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5 minutes with Maggie Joel
Maggie Joel has been writing fiction since the mid-1990s and her short stories have been widely published in Southerly, Westerly, Island, Overland and Canberra Arts Review, and broadcast on ABC radio.
What was the last good book you read?
To The Lighthouse by Virginia Woolf. At the start of this year I re-read most of Virginia Woolf’s novels, having not gone near them since the Nineties and feeling in need to some literary inspiration, and I was astounded at how much she has influenced my own writing. I’ve always loved Between the Acts and The Years but now re-reading To The Lighthouse, it really is her finest.
The manner in which she creates a moment, a depth of emotion, with a single deft description is truly breath-taking, and always at the micro level, never straying far from the minutiae of domestic life, and yet a whole life, the whole of society, even, is experienced through that microcosm. I found I was reading a passage and feeling so blown-away I had to either put the book down for a moment to let it wash over me or I would rush to the computer to get down a passage or a scene for own manuscript.
Do you have a favourite Library?
I used to visit Marrickville Library almost weekly when I lived there but I’ve recently moved to Camperdown and have yet to identify my nearest library. But really who doesn’t have the fondest memories of their childhood library, the place they first discovered their favourite childhood book, where they sat in the corner turning over the pages of thick, scribbled-on picture books while their mum poured over the latest paperback romances in another part of the library?
So for me that means Rickmansworth Library, which is the town about 17 miles north of London where I grew up. I revisited it just a couple of weeks ago to research my next book and it seemed…very small, but still rather wonderful. And something I have learnt about my library, many years after I moved away, is that it is only a stone’s throw from the house where George Eliot, the Victorian novelist, lived. That pleases me.
What’s the strangest thing you’ve ever read about yourself or your work?
One reviewer complained that my last novel ended with the words ‘THE END’. I mean she really rallied against it! It was the oddest and funniest thing I’ve ever read. I suppose it’s helped me to not take reviews too seriously.
What’s the best piece of advice you’ve ever received?
I’ve just come out the other side of a very long and distressing spell of writers block so I got a lot of advice given to me over that period. What helped? I’m trying to think if any of it did. A colleague at my workplace is quite a well known musician and we discussed not long ago the perennial issue of juggling your artistic work with your paid-work commitments. He said he makes himself work on his music for five minutes each night.
I’ve recently started that – making myself come from home from work and write one paragraph each evening, that’s all just one paragraph. Of course often it becomes more than that but it keeps me thinking about the book all week long and not have to try, when the weekend comes, to pull myself back into that place.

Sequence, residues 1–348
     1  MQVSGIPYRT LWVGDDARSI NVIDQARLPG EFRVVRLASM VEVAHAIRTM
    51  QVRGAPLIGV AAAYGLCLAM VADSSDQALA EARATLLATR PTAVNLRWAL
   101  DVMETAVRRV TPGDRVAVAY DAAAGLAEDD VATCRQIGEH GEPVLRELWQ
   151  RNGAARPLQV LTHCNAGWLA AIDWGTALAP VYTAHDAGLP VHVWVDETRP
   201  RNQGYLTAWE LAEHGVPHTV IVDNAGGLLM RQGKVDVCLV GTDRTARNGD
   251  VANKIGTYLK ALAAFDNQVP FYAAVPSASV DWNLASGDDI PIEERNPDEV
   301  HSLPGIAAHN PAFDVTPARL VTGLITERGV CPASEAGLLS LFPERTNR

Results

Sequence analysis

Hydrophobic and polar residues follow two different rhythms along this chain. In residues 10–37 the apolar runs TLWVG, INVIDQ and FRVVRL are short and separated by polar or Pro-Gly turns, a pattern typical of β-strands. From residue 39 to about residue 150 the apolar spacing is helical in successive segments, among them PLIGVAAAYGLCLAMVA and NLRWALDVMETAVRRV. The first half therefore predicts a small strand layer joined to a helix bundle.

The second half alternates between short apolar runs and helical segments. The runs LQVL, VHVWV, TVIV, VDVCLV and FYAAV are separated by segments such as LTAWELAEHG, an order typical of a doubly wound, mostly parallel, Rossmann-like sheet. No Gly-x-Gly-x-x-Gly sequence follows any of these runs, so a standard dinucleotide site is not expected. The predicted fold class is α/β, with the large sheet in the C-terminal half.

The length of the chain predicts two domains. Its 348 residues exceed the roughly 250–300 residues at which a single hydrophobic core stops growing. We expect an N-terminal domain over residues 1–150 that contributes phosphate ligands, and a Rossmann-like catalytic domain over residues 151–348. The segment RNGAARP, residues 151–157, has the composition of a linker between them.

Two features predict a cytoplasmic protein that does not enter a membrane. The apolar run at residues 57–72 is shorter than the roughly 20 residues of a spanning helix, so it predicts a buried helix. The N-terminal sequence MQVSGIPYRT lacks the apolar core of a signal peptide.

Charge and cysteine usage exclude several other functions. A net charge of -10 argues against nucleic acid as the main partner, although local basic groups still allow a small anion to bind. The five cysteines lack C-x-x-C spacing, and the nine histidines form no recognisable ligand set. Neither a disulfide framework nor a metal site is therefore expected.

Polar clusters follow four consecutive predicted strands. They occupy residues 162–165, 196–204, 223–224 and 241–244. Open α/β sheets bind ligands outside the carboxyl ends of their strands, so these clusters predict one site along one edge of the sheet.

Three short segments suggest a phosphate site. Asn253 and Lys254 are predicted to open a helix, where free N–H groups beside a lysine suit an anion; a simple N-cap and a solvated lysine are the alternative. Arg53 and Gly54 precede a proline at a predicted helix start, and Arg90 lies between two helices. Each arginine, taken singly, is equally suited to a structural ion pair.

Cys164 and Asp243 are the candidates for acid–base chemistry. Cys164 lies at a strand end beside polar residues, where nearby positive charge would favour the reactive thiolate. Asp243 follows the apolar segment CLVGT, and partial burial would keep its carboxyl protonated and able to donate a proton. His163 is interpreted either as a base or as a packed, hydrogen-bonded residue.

What drew you to the subject matter of your latest book?
Half the World in Winter is set in late Victorian England, a time where Empire and industry ruled and woe betide you if you fell outside of that, either for economic or for other reasons. My story was inspired by two incidents described on the SBS family history program ‘Who Do You Think You Are?’: one was the horrific death of a housemaid burned alive in a Victorian drawing room following an accident with a kerosene lamp. The second was the death of an engine driver in a train crash (one of apparently dozens of such accidents), also in Victorian England.
The horror of the first incident and, what appeared to be, the shocking regularity of the events described in the second incident, both struck me at the time and I began to study the many and varied ways in which people died in Victorian England – and often in ways that simply do not exist today. It seemed as though the average Victorian risked their life on a daily basis – if they were not dashed beneath the hooves of a galloping horse or shot in a hunting accident or drowned falling through the ice on the Thames, they would be struck down by one of a dozen grim diseases. How, then, did the Victorian family not only dodge death, but also cope with death when it did strike? Did they, I wondered, deal with death, with mortality, the same way we do?
Want to know more about Half the World in Winter?
It is London, 1880, and Lucas Jarmyn struggles to make sense of the death of his beloved youngest daughter; his wife, Aurora, seeks solace in rigid social routines; and eighteen-year-old Dinah looks for fulfilment in unusual places. Only the housekeeper, the estimable Mrs Logan, seems able to carry on.
A train accident in a provincial town on the railway Lucas owns claims the life of nine-year-old Alice Brinklow and, amid the public outcry, Alice's father, Thomas, journeys to London demanding justice. As he arrives in the Capital on a frozen January morning his fate, and that of the entire Jarmyn family, will hinge on such strange things as an ill-fated visit to a spiritualist, an errant chicken bone and a single vote cast at a board room meeting.
Written with charm, humour and rich period detail, Maggie Joel has created an intriguing novel of a Victorian family adrift in their rapidly changing world.
Half the World in Winter is published by Allen & Unwin and available now